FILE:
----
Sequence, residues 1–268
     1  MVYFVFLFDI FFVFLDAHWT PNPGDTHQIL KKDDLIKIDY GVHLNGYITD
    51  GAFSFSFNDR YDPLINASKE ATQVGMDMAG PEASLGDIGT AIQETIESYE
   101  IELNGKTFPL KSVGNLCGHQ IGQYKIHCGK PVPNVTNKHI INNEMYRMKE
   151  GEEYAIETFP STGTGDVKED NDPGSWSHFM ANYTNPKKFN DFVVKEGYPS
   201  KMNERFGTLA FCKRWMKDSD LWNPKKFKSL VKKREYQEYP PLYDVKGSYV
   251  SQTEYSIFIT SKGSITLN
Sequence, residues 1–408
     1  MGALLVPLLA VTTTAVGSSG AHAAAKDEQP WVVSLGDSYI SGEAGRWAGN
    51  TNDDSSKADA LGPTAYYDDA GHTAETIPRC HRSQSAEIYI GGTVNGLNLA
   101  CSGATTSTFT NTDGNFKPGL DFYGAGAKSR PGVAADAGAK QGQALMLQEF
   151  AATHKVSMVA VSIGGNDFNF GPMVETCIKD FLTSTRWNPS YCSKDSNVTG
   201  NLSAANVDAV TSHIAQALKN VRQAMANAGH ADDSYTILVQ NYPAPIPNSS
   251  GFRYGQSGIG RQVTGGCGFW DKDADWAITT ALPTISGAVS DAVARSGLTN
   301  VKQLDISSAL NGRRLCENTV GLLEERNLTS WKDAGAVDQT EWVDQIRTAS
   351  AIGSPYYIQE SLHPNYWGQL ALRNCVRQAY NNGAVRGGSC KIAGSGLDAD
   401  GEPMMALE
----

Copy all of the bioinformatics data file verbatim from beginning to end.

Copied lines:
Sequence, residues 1–268
     1  MVYFVFLFDI FFVFLDAHWT PNPGDTHQIL KKDDLIKIDY GVHLNGYITD
    51  GAFSFSFNDR YDPLINASKE ATQVGMDMAG PEASLGDIGT AIQETIESYE
   101  IELNGKTFPL KSVGNLCGHQ IGQYKIHCGK PVPNVTNKHI INNEMYRMKE
   151  GEEYAIETFP STGTGDVKED NDPGSWSHFM ANYTNPKKFN DFVVKEGYPS
   201  KMNERFGTLA FCKRWMKDSD LWNPKKFKSL VKKREYQEYP PLYDVKGSYV
   251  SQTEYSIFIT SKGSITLN
Sequence, residues 1–408
     1  MGALLVPLLA VTTTAVGSSG AHAAAKDEQP WVVSLGDSYI SGEAGRWAGN
    51  TNDDSSKADA LGPTAYYDDA GHTAETIPRC HRSQSAEIYI GGTVNGLNLA
   101  CSGATTSTFT NTDGNFKPGL DFYGAGAKSR PGVAADAGAK QGQALMLQEF
   151  AATHKVSMVA VSIGGNDFNF GPMVETCIKD FLTSTRWNPS YCSKDSNVTG
   201  NLSAANVDAV TSHIAQALKN VRQAMANAGH ADDSYTILVQ NYPAPIPNSS
   251  GFRYGQSGIG RQVTGGCGFW DKDADWAITT ALPTISGAVS DAVARSGLTN
   301  VKQLDISSAL NGRRLCENTV GLLEERNLTS WKDAGAVDQT EWVDQIRTAS
   351  AIGSPYYIQE SLHPNYWGQL ALRNCVRQAY NNGAVRGGSC KIAGSGLDAD
   401  GEPMMALE